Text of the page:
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Fast Edge Colouring of Graphs

Ágnes Tóth
Organization: Budapest University of Technology and Economics

2007 Wolfram Technology Conference
Conference location

Champaign, IL


An edge colouring of a graph is assumed to be a proper colouring of the edges, meaning that no two edges, sharing a common vertex, are assigned the same color. The edge chromatic number gives the minimum number of colors with which a graph can be colored. Finding the minimum edge colouring of a graph is equivalent to finding the minimum vertex colouring of its line graph. So edge colouring is a special case of vertex colouring. Moreover, edge colouring of graphs is an easier problem than colouring of graphs generally. By Vizing's theorem, the edge chromatic number of a simple graph can take only two values, Δ or Δ+1 (where Δ means the maximum degree of a graph). And Vizing's proof by Misra and Gries also implies an algorithm that colors the edges of a graph with at most Δ+1 colors in polynomial time, whereas the vertex colouring problem is NP-complete.

An edge colouring of a graph can be computed using the function EdgeColoring in the Mathematica add-on package Combinatorica Package. This function constructs the line graph of the graph, and colours its vertices using Brelaz's heuristic. So this method cannot be as fast and it may use more than Δ+1 colours in some cases.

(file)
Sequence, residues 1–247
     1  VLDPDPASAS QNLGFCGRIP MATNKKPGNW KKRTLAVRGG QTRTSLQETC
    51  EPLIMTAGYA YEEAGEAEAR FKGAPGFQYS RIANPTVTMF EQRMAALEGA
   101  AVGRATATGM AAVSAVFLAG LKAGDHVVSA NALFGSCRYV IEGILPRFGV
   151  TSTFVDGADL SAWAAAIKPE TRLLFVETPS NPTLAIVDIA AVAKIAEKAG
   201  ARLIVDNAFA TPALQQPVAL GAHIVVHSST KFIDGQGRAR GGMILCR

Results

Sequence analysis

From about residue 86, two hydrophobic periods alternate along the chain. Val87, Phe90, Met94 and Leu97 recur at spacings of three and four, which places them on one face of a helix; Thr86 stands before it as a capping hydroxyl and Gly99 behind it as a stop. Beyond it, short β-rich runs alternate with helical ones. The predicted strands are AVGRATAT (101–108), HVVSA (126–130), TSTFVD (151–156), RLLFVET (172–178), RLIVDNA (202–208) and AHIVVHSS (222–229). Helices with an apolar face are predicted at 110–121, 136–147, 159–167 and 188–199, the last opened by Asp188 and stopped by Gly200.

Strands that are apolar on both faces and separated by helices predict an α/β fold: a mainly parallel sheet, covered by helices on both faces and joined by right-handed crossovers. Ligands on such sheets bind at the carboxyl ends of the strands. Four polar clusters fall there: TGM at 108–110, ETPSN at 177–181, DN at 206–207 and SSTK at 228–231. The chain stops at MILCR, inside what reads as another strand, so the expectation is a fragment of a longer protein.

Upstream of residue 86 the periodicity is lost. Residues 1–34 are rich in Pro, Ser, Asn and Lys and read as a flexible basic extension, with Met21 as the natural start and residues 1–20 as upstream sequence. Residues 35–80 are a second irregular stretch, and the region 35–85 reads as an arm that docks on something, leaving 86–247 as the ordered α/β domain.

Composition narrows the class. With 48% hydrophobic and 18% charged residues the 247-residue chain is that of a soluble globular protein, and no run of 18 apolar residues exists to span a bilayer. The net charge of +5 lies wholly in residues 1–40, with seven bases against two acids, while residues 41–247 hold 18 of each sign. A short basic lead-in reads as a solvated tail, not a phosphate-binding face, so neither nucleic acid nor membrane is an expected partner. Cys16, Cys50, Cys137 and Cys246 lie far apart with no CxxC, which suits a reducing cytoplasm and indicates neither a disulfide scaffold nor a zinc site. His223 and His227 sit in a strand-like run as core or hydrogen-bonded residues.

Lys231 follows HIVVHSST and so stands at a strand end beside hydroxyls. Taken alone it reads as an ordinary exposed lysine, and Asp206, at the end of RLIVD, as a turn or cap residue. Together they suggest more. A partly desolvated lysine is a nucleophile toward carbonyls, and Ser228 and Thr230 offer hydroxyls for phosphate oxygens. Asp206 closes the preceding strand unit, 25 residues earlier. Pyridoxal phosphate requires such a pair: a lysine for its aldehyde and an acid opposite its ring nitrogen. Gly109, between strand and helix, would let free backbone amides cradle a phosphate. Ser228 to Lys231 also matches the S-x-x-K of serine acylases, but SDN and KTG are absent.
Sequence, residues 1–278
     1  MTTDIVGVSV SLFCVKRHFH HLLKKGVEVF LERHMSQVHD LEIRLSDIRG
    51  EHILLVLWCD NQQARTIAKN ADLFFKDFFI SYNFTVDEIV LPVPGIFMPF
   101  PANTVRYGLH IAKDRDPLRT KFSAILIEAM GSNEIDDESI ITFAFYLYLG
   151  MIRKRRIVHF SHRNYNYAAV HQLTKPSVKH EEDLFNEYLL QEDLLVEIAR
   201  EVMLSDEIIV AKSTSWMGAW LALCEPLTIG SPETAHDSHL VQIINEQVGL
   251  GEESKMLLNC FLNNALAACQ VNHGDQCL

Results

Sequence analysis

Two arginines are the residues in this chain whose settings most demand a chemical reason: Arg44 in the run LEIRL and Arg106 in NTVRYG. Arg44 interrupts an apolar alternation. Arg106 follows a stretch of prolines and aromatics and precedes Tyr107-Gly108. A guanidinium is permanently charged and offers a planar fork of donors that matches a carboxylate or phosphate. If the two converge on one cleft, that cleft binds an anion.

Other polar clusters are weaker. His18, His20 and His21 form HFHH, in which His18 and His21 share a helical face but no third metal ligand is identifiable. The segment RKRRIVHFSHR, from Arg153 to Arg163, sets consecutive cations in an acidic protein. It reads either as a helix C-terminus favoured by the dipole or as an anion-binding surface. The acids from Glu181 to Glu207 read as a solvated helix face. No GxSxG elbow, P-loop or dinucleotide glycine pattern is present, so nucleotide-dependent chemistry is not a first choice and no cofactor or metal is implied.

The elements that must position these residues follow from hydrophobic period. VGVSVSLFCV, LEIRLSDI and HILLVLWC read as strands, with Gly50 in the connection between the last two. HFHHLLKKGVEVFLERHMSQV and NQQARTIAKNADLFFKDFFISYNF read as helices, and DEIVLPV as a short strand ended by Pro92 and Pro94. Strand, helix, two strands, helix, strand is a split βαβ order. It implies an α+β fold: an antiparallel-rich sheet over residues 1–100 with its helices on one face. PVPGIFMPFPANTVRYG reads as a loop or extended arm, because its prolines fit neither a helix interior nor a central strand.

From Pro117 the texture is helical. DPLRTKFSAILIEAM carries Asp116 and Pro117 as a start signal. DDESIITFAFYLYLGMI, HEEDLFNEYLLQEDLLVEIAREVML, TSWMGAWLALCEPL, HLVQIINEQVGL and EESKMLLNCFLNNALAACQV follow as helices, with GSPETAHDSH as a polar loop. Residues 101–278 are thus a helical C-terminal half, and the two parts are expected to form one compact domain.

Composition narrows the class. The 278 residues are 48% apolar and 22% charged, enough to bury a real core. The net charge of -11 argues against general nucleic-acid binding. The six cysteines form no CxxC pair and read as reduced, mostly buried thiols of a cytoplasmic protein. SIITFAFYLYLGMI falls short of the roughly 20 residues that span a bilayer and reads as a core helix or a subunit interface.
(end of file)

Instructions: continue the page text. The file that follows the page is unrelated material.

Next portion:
That is the reason why I have implemented Misra and Gries's algorithm in Mathematica. In my document I test this function and compare it with Mathematica's EdgeColoring. The result confirms the theory, the algorithm uses at most Δ+1 colors. And surprisingly, it is also faster than Mathematica's method. I have also tested the method on random graphs and on various graph families.

I have also used an animation to demonstrate how the algorithm colors the edges: in which order get the edge color and if it is needed which edges are recolored.

After this success I tried to improve vertex colouring with Mathematica, too. I have implemented Klotz's contraction algorithm, which uses fewer colors, but needs more running time than the function Mathematica's VertexColoring. I have also implemented another algorithm of Finocchi, Panconesi, and Silvestri that also can be parallelized.

*Wolfram Technology


FastEdgeColouring.zip (1.1 MB) - ZIP archive [for Mathematica 6.0]